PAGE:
40

Does anyone know how to implement voice/video over IP in a webapplication using HTML5 websockets?

It would be nice if I could implement this with PHP or Python since I (unfortunately) don't know any other programming language at the moment.

A good tutorial will do, as well as an already-build-solution which I have to pay for.

Update1:
Added video because it's not only audio/voip related.

Update2:
First HTML5 Video Conference App is already created. See my own answer

  • You going to release it under and open source license? I bet once you get it mostly working you could leverage a good amount of community help if you did. – kanaka Nov 19 '10 at 15:01
  • Yes, that's the idea :-) I have to do some research and planning first. After that I will update this question with further notifications. – Wouter Dorgelo Nov 19 '10 at 15:13
  • getUserMedia() is the key here. – FredTheWebGuy Aug 10 '13 at 23:15
  • A suggestion for Video: twilio.com/docs/api/video and for voip: twilio.com/docs/api/client – Megan Speir Sep 13 '16 at 22:52
27

If you want to go with HTML5 only, you will need a browser implementing the HTML Media Capture draft (available here) in order to access the raw data from the microphone.

Once you have this data in hand, you need to send it over the network. Websockets would be the HTML5 option to have fast enough round trips with the server (sending local audio data and receiving remote audio data at the same time)

Since you mention python, I would recommend looking around the twisted implementation of websockets.

You can have all your clients "register" on the websocket server with a callerID, so the server knows where to find a given callerID.

Then your server will need an "invite" API where caller1 "invites" caller2.

Once the call is setup and each client starts sending its audio data, the server will be able to send this audio data to the other party.

Upon receiving audio data, the browser will need to play this audio data on the speakers, probably using the HTML5 audiotag.

To do this, you may be forced to use a "trick" : instead of having the websocket server forward the raw audio data to the client, you may need to simulate 2 "infinite" files :

  1. caller1.wav : sound captured on caller1 mic
  2. caller2.wav : sound captured on caller2 mic

caller1 browser would add caller2.wav in the audio.src attribute once the call is setup (caller1 would be informed of this event via websocket) and hopefully if the python server appends the raw audio data to the caller2.wav as it receives it, it would start playing.

This sounds like a cool prototype you're going to hack up !

Good luck on your journey,

Jerome Wagner

  • Thanks a lot! Seems there's also a HTML5 videotag, so I could also add streaming video. One question about: you may be forced to use a "trick". Could you explain why? – Wouter Dorgelo Nov 19 '10 at 5:24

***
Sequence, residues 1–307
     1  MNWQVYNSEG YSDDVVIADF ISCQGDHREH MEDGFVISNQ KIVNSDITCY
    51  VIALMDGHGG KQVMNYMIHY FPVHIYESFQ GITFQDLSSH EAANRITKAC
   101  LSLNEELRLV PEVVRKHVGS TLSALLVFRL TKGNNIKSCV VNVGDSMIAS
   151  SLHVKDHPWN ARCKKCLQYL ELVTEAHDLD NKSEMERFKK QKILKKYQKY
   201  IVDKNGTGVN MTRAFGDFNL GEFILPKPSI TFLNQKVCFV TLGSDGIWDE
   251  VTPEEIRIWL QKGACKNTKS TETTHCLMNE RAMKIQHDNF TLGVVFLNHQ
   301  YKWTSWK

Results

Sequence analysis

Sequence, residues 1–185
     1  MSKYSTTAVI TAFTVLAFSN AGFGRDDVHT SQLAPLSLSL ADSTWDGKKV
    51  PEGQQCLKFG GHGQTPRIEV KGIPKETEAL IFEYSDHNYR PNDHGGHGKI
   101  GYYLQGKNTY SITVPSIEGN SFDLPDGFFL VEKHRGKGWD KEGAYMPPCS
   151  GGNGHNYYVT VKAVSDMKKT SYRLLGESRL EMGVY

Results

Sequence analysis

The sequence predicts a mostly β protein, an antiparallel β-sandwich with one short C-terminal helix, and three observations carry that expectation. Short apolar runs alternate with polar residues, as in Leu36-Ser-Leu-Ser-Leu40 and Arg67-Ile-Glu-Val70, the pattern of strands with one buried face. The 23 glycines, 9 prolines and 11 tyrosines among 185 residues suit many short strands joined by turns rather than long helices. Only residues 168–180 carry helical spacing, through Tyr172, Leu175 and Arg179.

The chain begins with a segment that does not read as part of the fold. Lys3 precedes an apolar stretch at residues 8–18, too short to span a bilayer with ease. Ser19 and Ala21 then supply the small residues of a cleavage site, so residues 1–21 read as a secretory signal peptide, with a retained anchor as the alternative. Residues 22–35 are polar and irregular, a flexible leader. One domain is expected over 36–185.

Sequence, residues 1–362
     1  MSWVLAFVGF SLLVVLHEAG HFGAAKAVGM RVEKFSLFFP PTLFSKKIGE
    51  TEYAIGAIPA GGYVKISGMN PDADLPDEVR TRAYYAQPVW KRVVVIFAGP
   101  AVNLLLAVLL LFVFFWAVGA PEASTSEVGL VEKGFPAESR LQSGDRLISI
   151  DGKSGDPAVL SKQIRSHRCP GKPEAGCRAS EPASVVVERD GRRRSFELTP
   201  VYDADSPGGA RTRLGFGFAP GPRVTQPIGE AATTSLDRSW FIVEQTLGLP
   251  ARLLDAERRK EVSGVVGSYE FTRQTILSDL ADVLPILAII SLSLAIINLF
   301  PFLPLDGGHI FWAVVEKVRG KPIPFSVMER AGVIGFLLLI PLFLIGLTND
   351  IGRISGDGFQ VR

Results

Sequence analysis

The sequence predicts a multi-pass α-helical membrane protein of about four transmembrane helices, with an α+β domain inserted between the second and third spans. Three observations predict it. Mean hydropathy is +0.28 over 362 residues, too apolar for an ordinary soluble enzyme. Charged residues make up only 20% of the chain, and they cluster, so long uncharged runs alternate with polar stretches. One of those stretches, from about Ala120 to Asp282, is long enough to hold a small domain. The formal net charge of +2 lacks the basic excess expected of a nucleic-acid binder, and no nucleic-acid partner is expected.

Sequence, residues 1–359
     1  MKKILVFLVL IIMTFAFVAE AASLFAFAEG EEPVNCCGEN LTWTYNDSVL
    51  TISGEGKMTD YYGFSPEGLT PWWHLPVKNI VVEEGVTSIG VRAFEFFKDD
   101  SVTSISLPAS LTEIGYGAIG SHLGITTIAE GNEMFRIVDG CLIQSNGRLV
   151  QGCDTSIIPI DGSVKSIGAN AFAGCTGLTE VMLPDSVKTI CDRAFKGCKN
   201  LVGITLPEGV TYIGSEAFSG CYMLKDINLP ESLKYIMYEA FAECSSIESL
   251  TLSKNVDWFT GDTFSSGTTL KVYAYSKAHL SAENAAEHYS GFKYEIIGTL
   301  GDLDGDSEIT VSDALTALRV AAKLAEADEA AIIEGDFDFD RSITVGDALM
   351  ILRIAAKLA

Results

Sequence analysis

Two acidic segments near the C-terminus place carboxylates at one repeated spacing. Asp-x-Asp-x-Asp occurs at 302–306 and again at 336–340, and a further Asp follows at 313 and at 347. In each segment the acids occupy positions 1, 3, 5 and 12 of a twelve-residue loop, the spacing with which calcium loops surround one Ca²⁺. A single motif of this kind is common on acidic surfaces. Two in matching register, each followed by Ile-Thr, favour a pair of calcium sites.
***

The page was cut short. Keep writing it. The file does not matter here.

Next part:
• 4
    the "trick" because 1/ I am not sure that there is an API to play raw audio data so you will need to use the audio tag 2/ I think you will get poor quality if you create 1 audio tag per chunk of raw data so you need to trick the browser into thinking that there is only 1 audio file. Keep me informed if you get something working ! – Jerome WAGNER Nov 19 '10 at 8:23
  • Hey Jerome, thank you for your awesome contributions :-) Really appreciated! I am planning to make it an open source project. First I gonna start with the planning and usual stuff. If you are interested in it's progress, please visit this question once in a while.. I'll post updates here. – Wouter Dorgelo Nov 19 '10 at 15:10
  • 1
    hi, I am also looking into this, did you have much luck getting it to work? – MatthewFord Mar 30 '12 at 17:20
  • @JeromeWAGNER, To improve latency, How can we implement it such that the video gets streamed directly from Client-A to Client-B instead of having the server as an intermediary? – Pacerier Jan 31 '15 at 8:10
7

Seems like Ericsson created the first HTML5 Video Conference App.

The technique they used:

  • Implemented the device element and the Stream API (device element GUI is currently written in JavaScript/CSS)
  • Added MediaStreamManager to map Stream URLs to the corresponding pipeline in the media backend
  • Added MediaStreamTransceiver to control the related media processing and transport
  • Added support for binary data in the WebSocket protocol

See: labs.ericsson.com:


Video on YouTube: Beyond HTML5: Conversational Voice and Video demo | Ericsson Labs

Unfortunately Ericsson doesn't want to share device_dialog.js (yet).

  • 3
    The problem is that the ericsson demo only works with a patched webkit that they "plan" to release. You may as well do this with flash and still call it html5 ;-) – Jerome WAGNER Nov 22 '10 at 23:22
  • Very true, and that's why we are going to build it ourselves, our way :-) – Wouter Dorgelo Nov 22 '10 at 23:38
3

WebRTC might be an answer: http://www.webrtc.org/running-the-demos (currently only Chrome Canary with MediaStream flag enabled)

See demo: https://apprtc.appspot.com (make sure you watch in a proper browser) and code http://code.google.com/p/webrtc-samples/source/browse/trunk/apprtc/


The reason I'm writing is... I got really cheap Android tablet and cannot intall Skype nor Vtok nor Google Voice is available outside the US. I need to find HTML5 based solution as I'm able to run Opera Mobile 12 and got http://html5demos.com/ working properly

1

@work/gotta be quick

Check out the javaScript getUserMedia(CanIUse) - API (W3)

0

webrtc is the answer now.

for node.js stack - you can look at http://www.easyrtc.com/ . Note that IE has not yet built support for the APIs that make webrtc work.

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